There were no posts from early February to early March on this blog, so here are some very brief thoughts on books that were actually "finishable" (not a real word.) Roger Rosenblatt's Lapham's Rising has been favorably reviewed, but the reviews didn't really catch the feel of the book. Eccentric recluse Harry March's peace and quiet in his island home in the Hamptons is ruined by the construction of the Mother of all Mac Mansions, a testament to the tastelss materialism of its super-businessman owner. Most of the dialogue is between Harry and his talking dog Hector, a born-again evangelist with much more conservative views than his owner who reviles the consumerism and conspicuous consumption of the average Hampton dweller. In that sense, the book has some of the themes of Tom Wolfe's Bonfire of the Vanities, but edited down to a small and manageable size. The title and themes of the book are a reference to William Dean Howell's The Rise of Silas Lapham (1885) in which Silas, a wealthy business man, builds a huge mansion but in the end has turned into an ethical man.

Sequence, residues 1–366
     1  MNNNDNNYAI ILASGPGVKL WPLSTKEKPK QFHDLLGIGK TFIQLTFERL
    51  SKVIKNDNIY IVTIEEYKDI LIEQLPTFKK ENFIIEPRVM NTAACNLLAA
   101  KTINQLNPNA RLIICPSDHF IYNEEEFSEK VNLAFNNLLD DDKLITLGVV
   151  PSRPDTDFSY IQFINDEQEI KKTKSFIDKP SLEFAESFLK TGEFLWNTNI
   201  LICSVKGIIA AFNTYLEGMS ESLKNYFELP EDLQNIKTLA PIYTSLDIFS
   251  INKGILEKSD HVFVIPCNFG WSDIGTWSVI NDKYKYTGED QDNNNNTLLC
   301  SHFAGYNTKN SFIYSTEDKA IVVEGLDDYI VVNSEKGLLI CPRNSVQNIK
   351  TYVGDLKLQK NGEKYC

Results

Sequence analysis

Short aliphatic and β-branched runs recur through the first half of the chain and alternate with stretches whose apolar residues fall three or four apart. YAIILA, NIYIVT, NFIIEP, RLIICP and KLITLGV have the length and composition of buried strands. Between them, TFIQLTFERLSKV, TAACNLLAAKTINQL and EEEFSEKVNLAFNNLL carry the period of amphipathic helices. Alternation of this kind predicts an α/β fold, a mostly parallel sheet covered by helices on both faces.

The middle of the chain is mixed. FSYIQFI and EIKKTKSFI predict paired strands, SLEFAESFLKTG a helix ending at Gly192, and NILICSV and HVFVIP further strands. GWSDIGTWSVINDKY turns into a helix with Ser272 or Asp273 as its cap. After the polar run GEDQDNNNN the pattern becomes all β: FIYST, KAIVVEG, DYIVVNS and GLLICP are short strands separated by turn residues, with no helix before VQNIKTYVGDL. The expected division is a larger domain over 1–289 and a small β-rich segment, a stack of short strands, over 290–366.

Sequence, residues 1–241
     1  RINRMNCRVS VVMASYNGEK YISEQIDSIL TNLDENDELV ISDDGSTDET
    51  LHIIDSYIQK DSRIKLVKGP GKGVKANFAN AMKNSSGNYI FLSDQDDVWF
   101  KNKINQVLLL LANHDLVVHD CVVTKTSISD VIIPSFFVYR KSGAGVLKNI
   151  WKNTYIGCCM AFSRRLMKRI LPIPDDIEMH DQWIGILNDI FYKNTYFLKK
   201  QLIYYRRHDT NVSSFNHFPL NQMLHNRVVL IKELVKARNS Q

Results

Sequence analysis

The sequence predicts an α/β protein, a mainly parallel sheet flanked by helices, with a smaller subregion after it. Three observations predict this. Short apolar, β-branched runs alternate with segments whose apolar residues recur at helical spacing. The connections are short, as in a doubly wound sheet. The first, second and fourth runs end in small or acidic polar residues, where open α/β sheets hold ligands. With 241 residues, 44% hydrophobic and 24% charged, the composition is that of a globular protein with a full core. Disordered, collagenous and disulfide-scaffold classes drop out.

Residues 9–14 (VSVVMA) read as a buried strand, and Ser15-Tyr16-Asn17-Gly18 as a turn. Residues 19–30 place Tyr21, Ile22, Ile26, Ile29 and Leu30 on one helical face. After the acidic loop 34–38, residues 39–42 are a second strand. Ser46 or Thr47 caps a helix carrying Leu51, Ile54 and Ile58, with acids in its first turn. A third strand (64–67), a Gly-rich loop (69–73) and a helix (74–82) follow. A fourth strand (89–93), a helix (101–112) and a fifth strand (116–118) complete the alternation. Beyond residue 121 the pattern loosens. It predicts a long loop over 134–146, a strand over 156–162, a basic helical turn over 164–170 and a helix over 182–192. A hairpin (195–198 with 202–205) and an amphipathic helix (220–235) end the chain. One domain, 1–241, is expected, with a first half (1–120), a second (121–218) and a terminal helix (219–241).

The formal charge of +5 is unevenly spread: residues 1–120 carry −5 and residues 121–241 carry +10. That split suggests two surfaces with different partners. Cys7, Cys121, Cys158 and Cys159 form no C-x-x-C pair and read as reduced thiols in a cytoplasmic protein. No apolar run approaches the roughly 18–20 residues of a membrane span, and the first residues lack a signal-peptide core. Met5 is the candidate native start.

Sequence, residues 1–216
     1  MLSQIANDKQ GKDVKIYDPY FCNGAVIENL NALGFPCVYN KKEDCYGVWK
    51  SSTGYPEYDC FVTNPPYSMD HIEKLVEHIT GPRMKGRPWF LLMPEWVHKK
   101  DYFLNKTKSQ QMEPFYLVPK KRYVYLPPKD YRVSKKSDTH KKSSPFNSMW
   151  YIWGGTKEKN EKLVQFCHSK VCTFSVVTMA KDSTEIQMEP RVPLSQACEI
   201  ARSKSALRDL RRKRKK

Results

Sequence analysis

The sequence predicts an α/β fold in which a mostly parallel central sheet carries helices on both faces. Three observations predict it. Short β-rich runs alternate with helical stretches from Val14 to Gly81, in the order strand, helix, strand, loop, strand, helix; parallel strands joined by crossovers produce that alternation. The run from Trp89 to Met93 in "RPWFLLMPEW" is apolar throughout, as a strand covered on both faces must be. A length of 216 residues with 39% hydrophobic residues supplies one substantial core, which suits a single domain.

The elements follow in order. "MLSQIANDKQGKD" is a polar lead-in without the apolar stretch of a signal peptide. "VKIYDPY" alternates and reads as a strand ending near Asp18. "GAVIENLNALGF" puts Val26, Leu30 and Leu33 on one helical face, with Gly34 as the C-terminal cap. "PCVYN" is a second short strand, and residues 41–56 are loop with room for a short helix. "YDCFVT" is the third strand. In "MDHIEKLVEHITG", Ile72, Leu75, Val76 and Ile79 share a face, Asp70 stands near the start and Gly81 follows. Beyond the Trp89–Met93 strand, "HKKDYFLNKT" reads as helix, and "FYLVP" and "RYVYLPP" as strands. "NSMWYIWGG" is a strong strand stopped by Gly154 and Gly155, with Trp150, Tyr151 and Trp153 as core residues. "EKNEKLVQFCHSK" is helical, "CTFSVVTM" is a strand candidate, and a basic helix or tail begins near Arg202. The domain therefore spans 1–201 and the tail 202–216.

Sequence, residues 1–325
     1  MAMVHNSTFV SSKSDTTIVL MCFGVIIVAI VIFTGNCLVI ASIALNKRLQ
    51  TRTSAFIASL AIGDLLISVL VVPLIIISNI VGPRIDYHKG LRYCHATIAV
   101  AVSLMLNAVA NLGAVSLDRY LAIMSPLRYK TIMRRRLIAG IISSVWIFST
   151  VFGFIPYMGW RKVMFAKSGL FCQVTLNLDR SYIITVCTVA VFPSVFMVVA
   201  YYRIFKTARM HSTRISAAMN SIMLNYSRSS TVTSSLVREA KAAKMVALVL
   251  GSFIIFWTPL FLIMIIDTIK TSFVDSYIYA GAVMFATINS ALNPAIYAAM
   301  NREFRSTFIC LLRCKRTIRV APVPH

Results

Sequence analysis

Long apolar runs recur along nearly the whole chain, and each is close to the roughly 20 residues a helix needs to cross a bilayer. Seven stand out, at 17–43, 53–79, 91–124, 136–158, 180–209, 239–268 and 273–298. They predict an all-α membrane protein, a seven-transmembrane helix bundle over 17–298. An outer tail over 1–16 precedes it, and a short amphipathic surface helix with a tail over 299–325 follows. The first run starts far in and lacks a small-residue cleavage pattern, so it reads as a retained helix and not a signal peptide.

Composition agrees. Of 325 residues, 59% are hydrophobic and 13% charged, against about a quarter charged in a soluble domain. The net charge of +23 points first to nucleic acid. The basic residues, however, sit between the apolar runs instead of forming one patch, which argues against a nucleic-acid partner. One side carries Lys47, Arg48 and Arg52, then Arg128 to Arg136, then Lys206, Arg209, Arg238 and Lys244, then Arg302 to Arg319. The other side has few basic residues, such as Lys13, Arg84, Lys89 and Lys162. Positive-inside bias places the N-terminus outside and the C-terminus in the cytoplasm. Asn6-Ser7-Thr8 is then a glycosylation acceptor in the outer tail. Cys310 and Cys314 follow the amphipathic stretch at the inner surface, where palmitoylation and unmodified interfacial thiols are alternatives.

Carl Hiassen's Stormy Weather also features a hermit character, former Florida governor now known as "Skink," who is completely disgusted by the rampant materialism and destruction of the environment in his native Florida. Like Rosenblatt, Hiassen's satire makes a point in a very funny and entertaining style. Take a look at Hiassen's website for a list and descriptions of his other hilarious books and an interview with the author.
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